Posts Tagged ‘guns’

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The headlines this morning are all reporting the same thing: suicides in the United States are climbing dramatically. The suicide rate rose 24 percent between 1999 and 2014 after a decade and a half of declines. Moreover, the increase accelerated to an average of 2 percent a year after 2006 from about 1 percent a year from 1999 through 2006. And, finally, the suicide rate also continued to climb in the first half of the 2015.

What the hell is going on?

According to Alex Crosby, chief of the surveillance branch of the CDC’s Division of Violence Prevention,

Suicide rates have risen historically during difficult economic times, when job prospects diminish. The CDC tied increases in suicides to foreclosures on homes and evictions several years ago, he said.

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In fact, according to a 2011 study in which Crosby participated,

the overall suicide rate generally increased in recessions, especially in severe recessions that lasted longer than 1 year. The largest increase in the overall suicide rate occurred during the Great Depression (1929–1933), when it surged from 18.0 in 1928 to 22.1 (the all-time high) in 1932, the last full year of the Great Depression. This increase of 22.8% was the highest recorded for any 4-year interval during the study period. The overall suicide rate also rose during 3 other severe recessions: the end of the New Deal (1937–1938), the oil crisis (1973–1975), and the double-dip recession (1980–1982). Not only did the overall suicide rate generally rise during recessions; it also mostly fell during expansions. For example, the overall suicide rate posted the sharpest decrease during World War II (1939–1945) and the longest decrease during the longest expansion period (1991–2001); during both of these periods, the economy experienced fast growth and low unemployment.

There’s a clear correlation between capitalist downturns and U.S. suicide rates—both historically and in recent years.

Sure, people kill themselves with guns—and with drug overdoses and alcohol poisoning and by suffocating themselves. But we’re forced to have the freedom to kill ourselves by the suicidal instability of the way our economic and social life is currently organized.

 

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Violence in Chicago

Posted: 26 February 2016 in Uncategorized
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Chicago is on track to have 700 murders in 2016. That would be the highest number of homicides in Chicago in nearly 20 years.

Homicides have already nearly doubled this year, with more than 93 murders since the start of January. There were only 52 murders in all of January and February last year.

If the city does have 700 or more homicides this year, it will be the highest number of murders since 1998, when 704 people were killed. . .

The year has already seen several high-profile murders: Two friends, 17-year-old Sakinah Reed and 16-year-old Donta Parker, were shot and killed while standing at a corner in South Shore.

On Feb. 5, 25-year-old Aaren O’Connor was apparently hit by a stray bullet while sitting in her car outside of her Pilsen apartment.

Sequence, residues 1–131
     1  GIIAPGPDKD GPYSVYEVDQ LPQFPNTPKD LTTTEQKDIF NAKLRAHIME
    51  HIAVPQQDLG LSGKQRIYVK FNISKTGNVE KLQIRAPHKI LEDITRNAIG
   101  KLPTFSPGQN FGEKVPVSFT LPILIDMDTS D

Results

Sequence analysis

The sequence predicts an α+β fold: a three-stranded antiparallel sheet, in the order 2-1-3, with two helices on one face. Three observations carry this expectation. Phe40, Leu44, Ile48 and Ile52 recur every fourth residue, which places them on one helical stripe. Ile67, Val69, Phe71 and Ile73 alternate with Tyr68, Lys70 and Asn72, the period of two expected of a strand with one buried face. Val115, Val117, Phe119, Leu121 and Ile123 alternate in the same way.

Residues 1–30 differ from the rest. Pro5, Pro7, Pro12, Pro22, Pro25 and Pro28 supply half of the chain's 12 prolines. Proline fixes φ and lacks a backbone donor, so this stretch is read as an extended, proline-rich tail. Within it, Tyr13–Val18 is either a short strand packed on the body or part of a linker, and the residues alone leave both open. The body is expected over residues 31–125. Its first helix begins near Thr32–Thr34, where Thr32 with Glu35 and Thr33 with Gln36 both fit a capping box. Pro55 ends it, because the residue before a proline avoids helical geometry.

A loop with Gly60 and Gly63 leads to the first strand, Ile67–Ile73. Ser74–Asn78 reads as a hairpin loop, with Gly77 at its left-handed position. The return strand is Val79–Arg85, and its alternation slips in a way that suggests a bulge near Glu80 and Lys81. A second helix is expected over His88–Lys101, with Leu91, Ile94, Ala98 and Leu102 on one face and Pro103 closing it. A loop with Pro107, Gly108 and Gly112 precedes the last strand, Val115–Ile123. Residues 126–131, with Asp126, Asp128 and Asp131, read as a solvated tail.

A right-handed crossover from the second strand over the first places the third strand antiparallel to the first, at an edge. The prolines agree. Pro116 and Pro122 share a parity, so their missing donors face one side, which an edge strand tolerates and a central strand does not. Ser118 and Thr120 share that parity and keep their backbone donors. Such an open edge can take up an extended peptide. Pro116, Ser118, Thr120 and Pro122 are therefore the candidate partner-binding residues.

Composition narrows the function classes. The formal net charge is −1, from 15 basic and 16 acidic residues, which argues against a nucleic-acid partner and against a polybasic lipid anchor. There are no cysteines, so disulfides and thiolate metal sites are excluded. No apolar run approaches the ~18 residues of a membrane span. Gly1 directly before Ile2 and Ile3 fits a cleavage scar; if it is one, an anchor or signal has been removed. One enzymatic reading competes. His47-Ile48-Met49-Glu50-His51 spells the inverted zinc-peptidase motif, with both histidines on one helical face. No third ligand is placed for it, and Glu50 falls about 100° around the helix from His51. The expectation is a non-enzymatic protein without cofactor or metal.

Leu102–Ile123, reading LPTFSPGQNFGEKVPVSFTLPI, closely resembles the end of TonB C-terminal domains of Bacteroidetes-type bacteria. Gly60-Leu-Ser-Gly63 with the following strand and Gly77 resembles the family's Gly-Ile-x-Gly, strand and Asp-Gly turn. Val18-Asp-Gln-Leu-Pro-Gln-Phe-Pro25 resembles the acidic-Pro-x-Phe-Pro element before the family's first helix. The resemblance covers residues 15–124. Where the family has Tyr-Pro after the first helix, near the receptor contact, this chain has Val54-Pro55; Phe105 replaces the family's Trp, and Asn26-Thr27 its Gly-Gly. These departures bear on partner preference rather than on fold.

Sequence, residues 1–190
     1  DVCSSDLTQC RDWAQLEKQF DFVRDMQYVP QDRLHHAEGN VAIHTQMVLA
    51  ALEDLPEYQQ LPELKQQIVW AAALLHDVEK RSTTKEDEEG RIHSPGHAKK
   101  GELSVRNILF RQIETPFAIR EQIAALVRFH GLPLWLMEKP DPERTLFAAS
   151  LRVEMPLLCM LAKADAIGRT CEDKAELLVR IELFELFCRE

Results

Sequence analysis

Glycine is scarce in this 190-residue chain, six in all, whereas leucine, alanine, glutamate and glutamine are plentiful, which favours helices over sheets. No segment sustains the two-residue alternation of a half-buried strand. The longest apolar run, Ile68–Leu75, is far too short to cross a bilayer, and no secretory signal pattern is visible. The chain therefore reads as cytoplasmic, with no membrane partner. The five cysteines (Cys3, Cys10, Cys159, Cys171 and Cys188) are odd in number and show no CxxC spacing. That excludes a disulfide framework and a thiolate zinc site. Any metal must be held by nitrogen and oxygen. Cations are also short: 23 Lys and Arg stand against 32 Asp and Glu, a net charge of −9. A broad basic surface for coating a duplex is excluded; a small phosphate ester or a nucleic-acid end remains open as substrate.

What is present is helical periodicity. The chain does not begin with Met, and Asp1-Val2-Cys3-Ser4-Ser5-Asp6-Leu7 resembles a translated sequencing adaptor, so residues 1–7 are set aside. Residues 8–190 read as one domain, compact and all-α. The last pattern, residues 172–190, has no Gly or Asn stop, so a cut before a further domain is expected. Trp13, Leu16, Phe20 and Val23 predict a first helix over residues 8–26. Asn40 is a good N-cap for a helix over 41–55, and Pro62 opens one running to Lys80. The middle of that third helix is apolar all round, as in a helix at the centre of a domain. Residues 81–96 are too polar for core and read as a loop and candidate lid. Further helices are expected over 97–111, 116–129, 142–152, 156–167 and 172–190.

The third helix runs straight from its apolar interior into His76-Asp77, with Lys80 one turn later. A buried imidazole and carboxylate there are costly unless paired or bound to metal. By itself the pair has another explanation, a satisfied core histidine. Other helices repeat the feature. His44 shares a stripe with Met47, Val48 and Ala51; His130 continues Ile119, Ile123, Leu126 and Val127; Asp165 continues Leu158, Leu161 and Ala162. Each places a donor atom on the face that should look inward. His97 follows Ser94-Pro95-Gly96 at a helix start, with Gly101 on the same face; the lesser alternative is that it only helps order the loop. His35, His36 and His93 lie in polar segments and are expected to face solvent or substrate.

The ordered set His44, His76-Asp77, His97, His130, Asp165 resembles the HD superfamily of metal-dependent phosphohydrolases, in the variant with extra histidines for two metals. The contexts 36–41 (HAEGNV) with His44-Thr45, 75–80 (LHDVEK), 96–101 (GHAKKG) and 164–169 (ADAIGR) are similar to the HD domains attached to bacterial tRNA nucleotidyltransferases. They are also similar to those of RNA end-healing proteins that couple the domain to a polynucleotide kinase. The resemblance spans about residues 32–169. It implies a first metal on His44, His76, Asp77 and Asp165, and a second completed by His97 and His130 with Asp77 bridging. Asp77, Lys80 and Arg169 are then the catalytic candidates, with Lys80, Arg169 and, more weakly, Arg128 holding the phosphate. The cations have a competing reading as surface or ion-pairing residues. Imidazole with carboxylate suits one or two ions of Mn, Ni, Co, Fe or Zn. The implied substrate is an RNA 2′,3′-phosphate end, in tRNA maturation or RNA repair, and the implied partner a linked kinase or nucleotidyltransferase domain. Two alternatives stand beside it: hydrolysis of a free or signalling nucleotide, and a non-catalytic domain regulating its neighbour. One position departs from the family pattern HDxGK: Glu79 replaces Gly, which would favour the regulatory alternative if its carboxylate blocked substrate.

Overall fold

A family of six, including two young boys, was found dead in their home in early February. They had been stabbed, beaten and one of them was shot.

Just days later, activist Matthew Williams, who had called for peace in the city for months, was shot while playing videogames in a friend’s house.

Most recently, a cab driver was found dead, shot in his head, in Lincoln Square.

The vast majority of the murders (83 of 98) have been gun shootings. Most of the victims (77.6 percent) have been between the ages of 13 and 34.

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Americans die younger [ht: ja] than people in other high-income countries—by more than 2 years!

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According to a study by Andrew Fenelon, Li-Hui Chen, Susan P. Baker just published in the Journal of the American Medical Association (unfortunately gated), American men and women can only look forward to a life expectancy of 76.4 and 81.2 years, respectively, compared with the 78.6 and 83.4 years of their peers abroad.

The question is, why? The authors of the study focus on injuries, which are the leading cause of death for Americans between 1 and 44 years of age. Among injuries, those responsible for the greatest number of deaths are drug poisonings, firearm-related injuries, and motor vehicle crashes.

The injury causes of death accounted for 48% (1.02 years) of the life expectancy gap among men. Firearm-related injuries accounted for 21% of the gap, drug poisonings 14%, and MVT crashes 13%. Among women, these causes accounted for 19% (0.42 years) of the gap, with 4% from firearm-related injuries, 9% from drug poisonings, and 6% from MVT crashes. The 3 injury causes accounted for 6% of deaths among US men and 3% among US women.

Perhaps even more important, the authors of the study found systematic variation in injury deaths across countries, with relatively high rates in the United States. Therefore, they conclude,

Although injury prevention represents an important means to improve life expectancy, the existence of predictable international patterns of injury mortality may suggest that these causes of death reflect broad factors that go beyond individual policies.

In other words, there’s something seriously wrong in the United States, which is causing Americans to die young.

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